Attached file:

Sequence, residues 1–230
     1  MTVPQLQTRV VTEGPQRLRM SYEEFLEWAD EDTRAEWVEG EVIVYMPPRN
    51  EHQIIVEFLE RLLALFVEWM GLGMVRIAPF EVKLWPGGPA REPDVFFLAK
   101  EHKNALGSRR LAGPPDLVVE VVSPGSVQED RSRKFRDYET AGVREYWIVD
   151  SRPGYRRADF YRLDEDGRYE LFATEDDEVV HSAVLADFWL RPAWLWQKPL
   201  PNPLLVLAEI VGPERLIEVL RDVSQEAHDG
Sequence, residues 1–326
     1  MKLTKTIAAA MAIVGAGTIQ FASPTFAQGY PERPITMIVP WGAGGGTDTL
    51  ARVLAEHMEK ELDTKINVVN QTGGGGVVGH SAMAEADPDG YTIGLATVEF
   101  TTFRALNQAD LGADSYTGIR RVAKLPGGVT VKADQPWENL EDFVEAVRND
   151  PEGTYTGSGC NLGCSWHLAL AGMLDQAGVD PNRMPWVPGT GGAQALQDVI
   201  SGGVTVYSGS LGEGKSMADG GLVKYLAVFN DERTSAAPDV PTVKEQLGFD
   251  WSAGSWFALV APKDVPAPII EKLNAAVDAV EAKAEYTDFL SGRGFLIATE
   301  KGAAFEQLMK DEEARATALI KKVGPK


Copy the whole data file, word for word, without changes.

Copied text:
Sequence, residues 1–230
     1  MTVPQLQTRV VTEGPQRLRM SYEEFLEWAD EDTRAEWVEG EVIVYMPPRN
    51  EHQIIVEFLE RLLALFVEWM GLGMVRIAPF EVKLWPGGPA REPDVFFLAK
   101  EHKNALGSRR LAGPPDLVVE VVSPGSVQED RSRKFRDYET AGVREYWIVD
   151  SRPGYRRADF YRLDEDGRYE LFATEDDEVV HSAVLADFWL RPAWLWQKPL
   201  PNPLLVLAEI VGPERLIEVL RDVSQEAHDG
Sequence, residues 1–326
     1  MKLTKTIAAA MAIVGAGTIQ FASPTFAQGY PERPITMIVP WGAGGGTDTL
    51  ARVLAEHMEK ELDTKINVVN QTGGGGVVGH SAMAEADPDG YTIGLATVEF
   101  TTFRALNQAD LGADSYTGIR RVAKLPGGVT VKADQPWENL EDFVEAVRND
   151  PEGTYTGSGC NLGCSWHLAL AGMLDQAGVD PNRMPWVPGT GGAQALQDVI
   201  SGGVTVYSGS LGEGKSMADG GLVKYLAVFN DERTSAAPDV PTVKEQLGFD
   251  WSAGSWFALV APKDVPAPII EKLNAAVDAV EAKAEYTDFL SGRGFLIATE
   301  KGAAFEQLMK DEEARATALI KKVGPK